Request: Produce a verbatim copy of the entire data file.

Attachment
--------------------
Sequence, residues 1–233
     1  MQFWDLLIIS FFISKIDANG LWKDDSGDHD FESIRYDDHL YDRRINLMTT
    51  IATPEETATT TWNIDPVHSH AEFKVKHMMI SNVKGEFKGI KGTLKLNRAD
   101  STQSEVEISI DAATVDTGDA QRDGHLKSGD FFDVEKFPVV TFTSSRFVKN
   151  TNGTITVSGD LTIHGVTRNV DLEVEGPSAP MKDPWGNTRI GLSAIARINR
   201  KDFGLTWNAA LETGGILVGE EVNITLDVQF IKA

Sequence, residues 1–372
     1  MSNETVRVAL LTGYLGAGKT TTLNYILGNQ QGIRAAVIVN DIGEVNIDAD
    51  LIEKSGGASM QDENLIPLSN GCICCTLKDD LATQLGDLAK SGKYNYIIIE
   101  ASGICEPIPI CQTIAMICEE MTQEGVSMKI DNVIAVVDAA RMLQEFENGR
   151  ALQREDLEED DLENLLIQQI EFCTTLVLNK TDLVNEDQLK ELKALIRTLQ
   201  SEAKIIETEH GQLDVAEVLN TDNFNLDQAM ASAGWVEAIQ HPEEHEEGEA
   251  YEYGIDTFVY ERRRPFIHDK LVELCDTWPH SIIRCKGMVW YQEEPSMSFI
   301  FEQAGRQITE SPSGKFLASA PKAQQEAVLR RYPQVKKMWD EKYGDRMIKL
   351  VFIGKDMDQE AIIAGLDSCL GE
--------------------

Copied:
Sequence, residues 1–233
     1  MQFWDLLIIS FFISKIDANG LWKDDSGDHD FESIRYDDHL YDRRINLMTT
    51  IATPEETATT TWNIDPVHSH AEFKVKHMMI SNVKGEFKGI KGTLKLNRAD
   101  STQSEVEISI DAATVDTGDA QRDGHLKSGD FFDVEKFPVV TFTSSRFVKN
   151  TNGTITVSGD LTIHGVTRNV DLEVEGPSAP MKDPWGNTRI GLSAIARINR
   201  KDFGLTWNAA LETGGILVGE EVNITLDVQF IKA

Sequence, residues 1–372
     1  MSNETVRVAL LTGYLGAGKT TTLNYILGNQ QGIRAAVIVN DIGEVNIDAD
    51  LIEKSGGASM QDENLIPLSN GCICCTLKDD LATQLGDLAK SGKYNYIIIE
   101  ASGICEPIPI CQTIAMICEE MTQEGVSMKI DNVIAVVDAA RMLQEFENGR
   151  ALQREDLEED DLENLLIQQI EFCTTLVLNK TDLVNEDQLK ELKALIRTLQ
   201  SEAKIIETEH GQLDVAEVLN TDNFNLDQAM ASAGWVEAIQ HPEEHEEGEA
   251  YEYGIDTFVY ERRRPFIHDK LVELCDTWPH SIIRCKGMVW YQEEPSMSFI
   301  FEQAGRQITE SPSGKFLASA PKAQQEAVLR RYPQVKKMWD EKYGDRMIKL
   351  VFIGKDMDQE AIIAGLDSCL GE